Originally published Sept. 10, 2005, in Our Town for the Tracy Press.
There’s an inside joke among people in the bariatric community that the second most common side effect of surgical weight loss is divorce.Before surgery, doctors and mental health professionals spend a lot of time talking with bariatric patients about their relationships with their spouses. The doctors try to drive home the point that any problems in the marriage before surgery will be even more glaring after surgery.Unfortunately, the same attention isn’t given to all relationships.
I’ve sat in countless support groups and listened to post-operative patients address unexpected changes in relationships.Sometimes, it’s about coworkers who used to be friendly but have become snippy as the patient has lost weight. Other times, it’s about relatives who discount the person’s weight loss because it was helpedalong by surgery. But most often, it’s about friends — and that’s when the situation seems to be most hurtful.Gastric-bypass surgery was a big decision for me. First, I had to decide that it was the right solution to my weight problem. Then I had to figure out how my size played into my marriage and how drastic weight loss would affect that.Once I figured that out, I turned my attention to my circle of friends, particularly my best friend.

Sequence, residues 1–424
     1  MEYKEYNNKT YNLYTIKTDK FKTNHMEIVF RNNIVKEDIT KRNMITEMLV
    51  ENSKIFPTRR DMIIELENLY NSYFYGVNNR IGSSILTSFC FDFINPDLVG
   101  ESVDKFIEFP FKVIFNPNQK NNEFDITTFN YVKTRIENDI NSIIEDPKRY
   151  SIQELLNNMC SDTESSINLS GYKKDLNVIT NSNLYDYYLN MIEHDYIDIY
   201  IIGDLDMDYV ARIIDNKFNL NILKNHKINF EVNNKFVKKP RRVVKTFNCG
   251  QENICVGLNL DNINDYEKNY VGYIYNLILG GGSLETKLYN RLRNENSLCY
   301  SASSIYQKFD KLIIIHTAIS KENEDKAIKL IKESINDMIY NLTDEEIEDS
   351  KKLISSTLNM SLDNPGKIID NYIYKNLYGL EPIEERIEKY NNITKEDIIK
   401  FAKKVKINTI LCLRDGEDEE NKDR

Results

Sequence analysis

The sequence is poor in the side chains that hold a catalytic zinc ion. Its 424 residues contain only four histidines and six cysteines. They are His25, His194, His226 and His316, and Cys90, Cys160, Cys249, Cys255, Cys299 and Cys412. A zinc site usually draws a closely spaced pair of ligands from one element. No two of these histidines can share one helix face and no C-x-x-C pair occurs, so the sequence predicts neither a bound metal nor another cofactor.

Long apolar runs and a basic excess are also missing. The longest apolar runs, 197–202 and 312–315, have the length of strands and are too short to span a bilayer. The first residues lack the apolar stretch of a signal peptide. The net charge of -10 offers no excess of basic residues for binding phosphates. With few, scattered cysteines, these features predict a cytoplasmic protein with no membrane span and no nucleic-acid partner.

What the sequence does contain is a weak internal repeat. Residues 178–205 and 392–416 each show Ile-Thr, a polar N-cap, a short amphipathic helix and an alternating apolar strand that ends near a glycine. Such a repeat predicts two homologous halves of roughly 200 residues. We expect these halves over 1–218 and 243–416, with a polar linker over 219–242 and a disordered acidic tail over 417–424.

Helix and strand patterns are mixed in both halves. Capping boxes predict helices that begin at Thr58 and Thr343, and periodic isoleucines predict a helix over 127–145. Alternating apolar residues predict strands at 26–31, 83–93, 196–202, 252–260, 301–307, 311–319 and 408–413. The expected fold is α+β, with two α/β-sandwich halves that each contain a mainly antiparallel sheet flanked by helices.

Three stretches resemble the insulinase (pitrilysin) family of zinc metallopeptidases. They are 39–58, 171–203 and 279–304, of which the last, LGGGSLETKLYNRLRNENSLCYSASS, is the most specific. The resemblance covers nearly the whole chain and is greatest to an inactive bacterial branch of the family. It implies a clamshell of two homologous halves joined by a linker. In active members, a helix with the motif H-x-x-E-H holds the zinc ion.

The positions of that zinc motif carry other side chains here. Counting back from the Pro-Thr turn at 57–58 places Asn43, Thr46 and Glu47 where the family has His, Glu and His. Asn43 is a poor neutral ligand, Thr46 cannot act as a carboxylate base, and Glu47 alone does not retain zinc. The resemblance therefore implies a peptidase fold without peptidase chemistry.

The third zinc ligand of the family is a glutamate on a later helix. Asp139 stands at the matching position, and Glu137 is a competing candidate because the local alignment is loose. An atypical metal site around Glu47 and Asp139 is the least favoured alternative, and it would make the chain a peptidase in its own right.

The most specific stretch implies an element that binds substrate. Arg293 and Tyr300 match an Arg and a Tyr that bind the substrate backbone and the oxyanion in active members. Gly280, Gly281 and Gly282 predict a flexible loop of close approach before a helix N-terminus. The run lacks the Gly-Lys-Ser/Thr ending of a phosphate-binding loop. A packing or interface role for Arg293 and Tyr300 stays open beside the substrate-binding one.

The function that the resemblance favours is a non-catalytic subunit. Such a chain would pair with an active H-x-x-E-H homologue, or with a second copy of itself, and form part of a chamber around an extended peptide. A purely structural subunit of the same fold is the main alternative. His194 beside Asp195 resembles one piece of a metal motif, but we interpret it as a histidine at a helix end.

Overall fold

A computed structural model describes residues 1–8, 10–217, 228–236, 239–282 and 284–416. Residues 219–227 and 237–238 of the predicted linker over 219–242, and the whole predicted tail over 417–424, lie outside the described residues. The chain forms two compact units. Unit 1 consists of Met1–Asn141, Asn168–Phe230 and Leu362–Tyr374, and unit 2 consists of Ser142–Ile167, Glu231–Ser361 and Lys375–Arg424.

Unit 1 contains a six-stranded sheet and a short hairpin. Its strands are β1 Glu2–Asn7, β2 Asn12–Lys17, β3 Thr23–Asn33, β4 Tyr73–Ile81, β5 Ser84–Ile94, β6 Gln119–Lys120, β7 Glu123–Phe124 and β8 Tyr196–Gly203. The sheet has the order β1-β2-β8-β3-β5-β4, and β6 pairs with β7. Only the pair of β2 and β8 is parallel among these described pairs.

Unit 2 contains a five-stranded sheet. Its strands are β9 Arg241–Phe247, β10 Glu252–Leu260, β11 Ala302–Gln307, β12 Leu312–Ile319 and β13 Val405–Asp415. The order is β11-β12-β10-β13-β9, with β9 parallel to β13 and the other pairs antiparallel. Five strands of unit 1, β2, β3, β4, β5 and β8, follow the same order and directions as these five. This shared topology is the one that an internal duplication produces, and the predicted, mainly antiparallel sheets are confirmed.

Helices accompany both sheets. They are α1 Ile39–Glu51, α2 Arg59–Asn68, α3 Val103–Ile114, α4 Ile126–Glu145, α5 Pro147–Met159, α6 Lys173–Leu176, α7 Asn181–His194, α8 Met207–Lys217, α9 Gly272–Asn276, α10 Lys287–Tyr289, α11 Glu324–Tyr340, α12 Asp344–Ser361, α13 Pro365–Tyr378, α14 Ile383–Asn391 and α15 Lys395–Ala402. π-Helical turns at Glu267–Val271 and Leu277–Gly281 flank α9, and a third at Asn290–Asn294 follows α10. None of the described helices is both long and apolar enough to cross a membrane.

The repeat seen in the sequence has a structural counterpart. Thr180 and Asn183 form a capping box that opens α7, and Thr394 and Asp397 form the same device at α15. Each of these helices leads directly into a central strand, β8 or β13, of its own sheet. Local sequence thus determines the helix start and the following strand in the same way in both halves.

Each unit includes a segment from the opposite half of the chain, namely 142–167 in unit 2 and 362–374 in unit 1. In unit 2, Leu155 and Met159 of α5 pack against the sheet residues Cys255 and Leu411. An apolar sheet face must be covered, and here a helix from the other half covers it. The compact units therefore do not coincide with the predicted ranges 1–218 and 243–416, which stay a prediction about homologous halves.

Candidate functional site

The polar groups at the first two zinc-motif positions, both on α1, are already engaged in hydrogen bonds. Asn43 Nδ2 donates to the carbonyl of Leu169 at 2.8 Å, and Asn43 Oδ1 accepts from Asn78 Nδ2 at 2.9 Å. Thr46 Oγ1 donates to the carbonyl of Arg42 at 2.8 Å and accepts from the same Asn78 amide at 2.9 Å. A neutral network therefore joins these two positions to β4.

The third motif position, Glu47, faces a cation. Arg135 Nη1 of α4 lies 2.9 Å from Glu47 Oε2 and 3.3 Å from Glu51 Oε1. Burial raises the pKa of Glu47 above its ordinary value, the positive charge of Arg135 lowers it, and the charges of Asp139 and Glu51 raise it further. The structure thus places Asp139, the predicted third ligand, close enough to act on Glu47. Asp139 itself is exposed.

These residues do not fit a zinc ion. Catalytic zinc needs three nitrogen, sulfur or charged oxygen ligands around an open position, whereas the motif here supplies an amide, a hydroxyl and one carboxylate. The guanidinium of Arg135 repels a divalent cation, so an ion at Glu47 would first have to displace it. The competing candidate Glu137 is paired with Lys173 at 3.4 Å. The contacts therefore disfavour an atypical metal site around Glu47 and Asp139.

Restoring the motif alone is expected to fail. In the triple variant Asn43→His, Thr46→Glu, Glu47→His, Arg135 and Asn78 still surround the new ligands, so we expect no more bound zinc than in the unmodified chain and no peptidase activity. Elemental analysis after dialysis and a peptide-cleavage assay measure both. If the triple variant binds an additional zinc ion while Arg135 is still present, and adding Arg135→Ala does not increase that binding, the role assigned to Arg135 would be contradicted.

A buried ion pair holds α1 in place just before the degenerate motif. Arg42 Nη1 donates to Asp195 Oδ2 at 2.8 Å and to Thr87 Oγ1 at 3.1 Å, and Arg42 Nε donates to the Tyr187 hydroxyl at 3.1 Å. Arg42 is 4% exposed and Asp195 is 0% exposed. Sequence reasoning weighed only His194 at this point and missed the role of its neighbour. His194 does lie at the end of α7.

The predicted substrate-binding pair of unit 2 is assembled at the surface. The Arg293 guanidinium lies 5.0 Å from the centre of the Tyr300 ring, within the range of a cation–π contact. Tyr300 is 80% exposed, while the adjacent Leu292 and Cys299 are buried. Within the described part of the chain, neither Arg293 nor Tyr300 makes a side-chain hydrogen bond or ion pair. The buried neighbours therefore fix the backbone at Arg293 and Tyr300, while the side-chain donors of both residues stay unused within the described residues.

Long friendshipI’ve known Amber since the eighth grade, though our friendship didn’t develop fully until after high school.At 18, I supported her in the delivery room as she gave birth to her son. I held her bouquet when she married his father, and I held her snotty tissues when she went through her divorce.She’s been there for me during tough times, too — when my husband and I had to live on separate coasts while he finished his military work, and when I found out I may not be able to conceive a baby.Despite all the changes we’ve gone through over the years, there has been one constant: I’ve always outweighed her by 50 pounds or more. Whether we were 12, 22 or 27, I’ve always been bigger — even when she was pregnant.
Preparation is keyWe spent a lot of time before I had surgery discussing that dynamic. We agreed that it would be different for me to be the thinner one, but as Amber said, “We’ve been friends too long to let something as petty as weight get between us.”Now I find myself amazed at me how right she was. Of all the relationships I have, ours has changed the least since surgery. Amber would say that’s not true; it’s just that our relationship is always changing, which makes it less noticeable. Maybe she’s right.She’s handling the situation much better than I thought she would.She gleefully gave me a couple pairs of slacks a month ago that were too big for her, but she’s just as excited to shop in my closet to pick out shirts that are too big for me. On the other hand, I’m not handling it as well. Though my weight loss isn’t straining our friendship as I expected, it’s causing me to dig deep inside myself to find out why being the same size as her is unnerving. I have no real answer to that question, except to say that I’ve never had friends bigger than me. I’ve always been the “fat friend.” And for the most part, that’s been a comfortable role for me. I’m embarking on new territory in my journey toward a new me, and the terrain is rough but not impossible.If anything, I’m learning that each day brings new experiences and challenges. Some I’m prepared for, but others I’m not. I don’t have all the answers, but I’m learning to accept that.Instead of pondering the hows and whys of my relationship with Amber, I should count my blessings. Not everyone is so lucky to have a friendship that can remain true through thick and thin.